It was as though he had planned it. The last act of Forrest J. Ackerman, the P.T. Barnum of sci-fi and horror, was not to die. The announcement of his death in early November 2008 was premature. He is said to have enjoyed the plaudits of friends and fans. He was able to take a final bow and then died peacefully, in the Los Angeles bungalow he called the "Acker-mini-mansion", several weeks later. But even this was jumping the gun; he had planned to live to 100, like George Burns.
Forrest James Ackerman was born in Los Angeles as the first film studios were beginning to flourish, and never really left his spiritual home; he was the city's great collector. His obsessively accumulated private museum – manuscripts, magazines, books, movie posters, stills, junk – was much less heterogeneous than it seemed, because in the end it was all about showing off the City of Dreams. Some material was, all the same, "imported". He retained, for instance, the seminal first issue of Hugo Gernsback's Amazing Stories, the first English-language science-fiction magazine, which he had bought at the age of nine, in 1926. But most of his energies as a collector were focused directly on the dream world coming to maturity as he did.
The energy involved in assembling – and the heavy financial cost of maintaining – a comprehensive record of the Hollywood film industry never fazed Ackerman, until recent years. For a long time, he kept the 300,000 or so items of the collection in an 18-room house he called the "Ackermansion" (he was an incorrigible punner and coiner of slogans).
At one stage, the Smithsonian Institution designated it one of the 10 most significant private collections in America, but this did not save it in the end. In 1987, financially strapped at last, Ackerman disposed of some highlights. In 2002, in order to cover the devastating medical bills sick Americans so often incur, the Ackermansion was sold and its contents dispersed, almost at random, and an important record of American life was lost.
Though much of his life was spent collecting and showing this material, Forrie Ackerman's own personal career as science-fiction fan and movie buff was exceedingly active. He seemed to know everyone in Los Angeles. As a teenager, he had helped found the Los Angeles Science Fiction Society, and as editor of its journal he published the teenaged Ray Bradbury's first story (they remained friends for 70 years).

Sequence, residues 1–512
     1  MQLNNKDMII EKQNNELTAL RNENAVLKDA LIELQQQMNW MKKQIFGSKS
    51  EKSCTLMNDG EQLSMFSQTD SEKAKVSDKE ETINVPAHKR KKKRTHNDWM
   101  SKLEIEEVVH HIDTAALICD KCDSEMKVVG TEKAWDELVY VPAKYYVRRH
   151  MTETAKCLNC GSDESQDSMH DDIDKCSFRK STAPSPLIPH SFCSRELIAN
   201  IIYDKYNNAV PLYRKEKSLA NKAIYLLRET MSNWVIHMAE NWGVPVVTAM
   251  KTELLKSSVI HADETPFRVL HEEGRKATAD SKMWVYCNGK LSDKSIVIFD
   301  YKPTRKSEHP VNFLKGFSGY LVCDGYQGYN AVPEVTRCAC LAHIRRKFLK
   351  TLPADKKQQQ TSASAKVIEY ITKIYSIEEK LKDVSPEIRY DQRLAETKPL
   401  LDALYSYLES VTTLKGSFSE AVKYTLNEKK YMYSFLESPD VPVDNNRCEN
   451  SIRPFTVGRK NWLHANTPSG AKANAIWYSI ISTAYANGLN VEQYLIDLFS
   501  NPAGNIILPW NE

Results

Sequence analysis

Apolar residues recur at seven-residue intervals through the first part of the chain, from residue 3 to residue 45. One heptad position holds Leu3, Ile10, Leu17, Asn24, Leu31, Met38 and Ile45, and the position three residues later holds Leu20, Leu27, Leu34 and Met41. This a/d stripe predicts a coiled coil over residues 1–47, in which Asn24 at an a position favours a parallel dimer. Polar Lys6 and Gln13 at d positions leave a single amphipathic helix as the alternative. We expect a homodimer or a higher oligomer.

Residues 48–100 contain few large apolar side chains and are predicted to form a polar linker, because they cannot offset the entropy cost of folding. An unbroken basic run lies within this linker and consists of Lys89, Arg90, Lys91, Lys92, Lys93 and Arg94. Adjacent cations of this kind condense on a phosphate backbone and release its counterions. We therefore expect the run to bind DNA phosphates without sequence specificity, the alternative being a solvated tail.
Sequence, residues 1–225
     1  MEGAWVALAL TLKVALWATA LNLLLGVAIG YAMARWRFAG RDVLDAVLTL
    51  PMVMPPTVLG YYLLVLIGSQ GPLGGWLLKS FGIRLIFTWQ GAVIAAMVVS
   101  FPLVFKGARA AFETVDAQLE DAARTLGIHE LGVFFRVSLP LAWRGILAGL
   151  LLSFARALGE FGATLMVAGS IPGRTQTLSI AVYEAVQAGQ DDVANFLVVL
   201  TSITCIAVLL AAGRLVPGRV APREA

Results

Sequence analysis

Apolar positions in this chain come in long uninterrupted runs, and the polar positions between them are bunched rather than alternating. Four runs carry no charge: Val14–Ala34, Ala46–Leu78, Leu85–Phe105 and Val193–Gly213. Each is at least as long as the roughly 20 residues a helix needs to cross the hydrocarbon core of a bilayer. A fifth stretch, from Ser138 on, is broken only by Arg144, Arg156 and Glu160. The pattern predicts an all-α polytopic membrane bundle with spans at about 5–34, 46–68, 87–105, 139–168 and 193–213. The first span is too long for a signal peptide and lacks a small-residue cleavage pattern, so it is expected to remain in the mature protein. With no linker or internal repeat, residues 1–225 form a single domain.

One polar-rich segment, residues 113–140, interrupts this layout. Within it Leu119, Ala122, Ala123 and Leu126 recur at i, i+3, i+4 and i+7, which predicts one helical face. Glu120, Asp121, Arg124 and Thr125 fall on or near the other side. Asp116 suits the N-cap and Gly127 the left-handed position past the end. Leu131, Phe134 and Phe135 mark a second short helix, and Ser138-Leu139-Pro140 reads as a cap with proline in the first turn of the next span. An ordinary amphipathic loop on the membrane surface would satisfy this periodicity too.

He edited an army newspaper during the Second World War and afterwards became a literary agent, representing fledgling writers of science fiction. He also wrote soft porn and bad pulp under many pseudonyms; he was central to the fan subcultures which became the reader and viewer base for popular media in 1950s America and later. He invented the term "sci-fi" in 1954, never guessing it would become a derogatory nickname for the genre he loved. He received a Hugo Award in 1953 for fan activities, the first of several honours bestowed on him as the single greatest showman of the science-fiction world.
But Ackerman was probably even more influential in the larger world of Hollywood itself. He had always loved B-movies. The magazine Famous Monsters of Filmland, which he created in 1958 and edited until its demise in 1983, inspired future writers like Stephen King, who submitted a teenage story to it, and future film-makers like George Lucas and Steven Spielberg. Ackerman loved everything about movies and movie culture, from schlock to Fritz Lang's Metropolis; and he became part of the saga which obsessed him through dozens (some say hundreds) of cameo appearances in movies from 1944 until shortly before his death.
He was loud, garish, lovable, fertile. He was a booster, a blowhard, and something of a genius. Sometimes he signed his name "4e", or "Forjak", or "The Ackermonster", but no one was fooled, or was meant to be. Everyone who knew anyone in Los Angeles knew it was Forrie.
Forrest James Ackerman, writer, editor and collector: born Los Angeles 24 November 1916; married 1957 Wendayne Wahrman (died 1990); died Los Angeles 4 December 2008.Reuse content